Throughout the guide, you will also see headings denoting the active phase of the current step in the development process. Click on these headings for a step-by-step tutorial on utilizing the eEditorial Discovery® online submission manager.

Overview of the Development Process


Phase 1: ProposalsPhase 2: Review and RevisionPhase 3: Final SubmissionFrequently Asked Questions

Contributor Resources

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Phase 1: Proposals

In the first phase of the development process, you will be recruiting contributors and gathering the chapters and materials that will appear in your published book. These early steps are critical, as they will directly impact the quality and variety of the scholarship in the book.

TopStep 1: Recruiting an Editorial Advisory Board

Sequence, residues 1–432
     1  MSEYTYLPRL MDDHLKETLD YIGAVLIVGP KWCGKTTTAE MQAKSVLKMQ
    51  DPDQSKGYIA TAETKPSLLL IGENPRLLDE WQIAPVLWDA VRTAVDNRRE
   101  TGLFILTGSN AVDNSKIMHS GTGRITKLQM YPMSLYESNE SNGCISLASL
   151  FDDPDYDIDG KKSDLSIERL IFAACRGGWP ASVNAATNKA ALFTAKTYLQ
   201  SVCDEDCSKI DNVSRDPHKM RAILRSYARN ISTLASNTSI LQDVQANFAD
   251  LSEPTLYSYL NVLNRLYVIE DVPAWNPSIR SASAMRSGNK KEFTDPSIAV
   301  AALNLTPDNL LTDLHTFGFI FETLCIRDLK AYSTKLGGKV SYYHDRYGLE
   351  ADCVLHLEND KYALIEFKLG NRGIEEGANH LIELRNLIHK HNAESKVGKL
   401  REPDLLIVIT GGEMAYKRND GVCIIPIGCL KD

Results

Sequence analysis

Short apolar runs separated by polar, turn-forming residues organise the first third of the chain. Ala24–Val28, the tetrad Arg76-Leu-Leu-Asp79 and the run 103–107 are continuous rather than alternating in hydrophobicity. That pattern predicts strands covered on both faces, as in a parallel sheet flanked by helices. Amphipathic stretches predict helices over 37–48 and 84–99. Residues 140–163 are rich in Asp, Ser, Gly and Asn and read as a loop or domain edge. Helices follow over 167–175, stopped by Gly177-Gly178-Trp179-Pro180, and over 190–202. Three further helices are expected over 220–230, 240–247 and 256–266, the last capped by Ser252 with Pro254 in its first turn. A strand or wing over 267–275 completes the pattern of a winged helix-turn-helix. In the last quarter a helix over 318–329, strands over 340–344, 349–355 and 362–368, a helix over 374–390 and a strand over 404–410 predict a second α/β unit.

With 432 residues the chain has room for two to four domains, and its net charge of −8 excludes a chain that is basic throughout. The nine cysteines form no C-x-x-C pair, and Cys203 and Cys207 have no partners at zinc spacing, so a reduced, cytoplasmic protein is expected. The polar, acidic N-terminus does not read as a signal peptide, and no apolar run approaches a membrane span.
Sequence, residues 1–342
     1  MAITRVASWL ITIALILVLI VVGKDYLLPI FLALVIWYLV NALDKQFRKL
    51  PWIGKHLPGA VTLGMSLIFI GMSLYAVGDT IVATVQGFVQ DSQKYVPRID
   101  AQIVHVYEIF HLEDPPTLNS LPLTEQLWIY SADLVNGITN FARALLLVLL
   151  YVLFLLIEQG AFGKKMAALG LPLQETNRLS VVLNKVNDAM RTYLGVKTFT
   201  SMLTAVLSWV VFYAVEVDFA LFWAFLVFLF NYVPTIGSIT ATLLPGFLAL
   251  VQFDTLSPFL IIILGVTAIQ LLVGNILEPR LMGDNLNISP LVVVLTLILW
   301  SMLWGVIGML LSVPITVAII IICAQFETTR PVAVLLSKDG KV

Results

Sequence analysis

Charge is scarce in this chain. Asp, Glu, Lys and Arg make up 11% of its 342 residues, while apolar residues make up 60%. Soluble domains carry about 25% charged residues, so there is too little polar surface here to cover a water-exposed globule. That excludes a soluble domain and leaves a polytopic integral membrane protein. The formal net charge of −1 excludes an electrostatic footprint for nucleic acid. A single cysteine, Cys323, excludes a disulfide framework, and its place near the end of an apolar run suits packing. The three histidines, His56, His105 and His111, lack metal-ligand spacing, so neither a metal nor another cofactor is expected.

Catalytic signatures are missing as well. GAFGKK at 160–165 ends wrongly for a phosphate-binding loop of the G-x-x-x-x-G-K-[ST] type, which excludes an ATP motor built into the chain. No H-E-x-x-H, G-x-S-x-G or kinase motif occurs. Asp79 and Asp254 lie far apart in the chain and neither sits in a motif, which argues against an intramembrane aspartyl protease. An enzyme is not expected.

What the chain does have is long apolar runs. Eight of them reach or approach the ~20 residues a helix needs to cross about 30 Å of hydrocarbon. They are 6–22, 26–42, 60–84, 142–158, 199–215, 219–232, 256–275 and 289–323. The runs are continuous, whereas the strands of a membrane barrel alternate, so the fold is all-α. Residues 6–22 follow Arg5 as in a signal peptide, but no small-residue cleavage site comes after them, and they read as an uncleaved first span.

We highly recommend that you begin assembling an Editorial Advisory Board (EAB) during the early stages of the development process. The EAB should consist of seven to ten individuals whom you see as pioneers or prevalent researchers in the subject areas covered by your manuscript.

The members of the EAB may serve as a reference for the editorial process and could be used to strengthen the overall quality of your publication. For example, EAB members can:

  • Assist in preparing and distributing the call for chapters
  • Evaluate proposals
  • Help coordinate the review process of full chapters
  • Review full chapters
  • Edit final chapters for language, grammar, and formatting consistency
  • Help in promoting and marketing the publication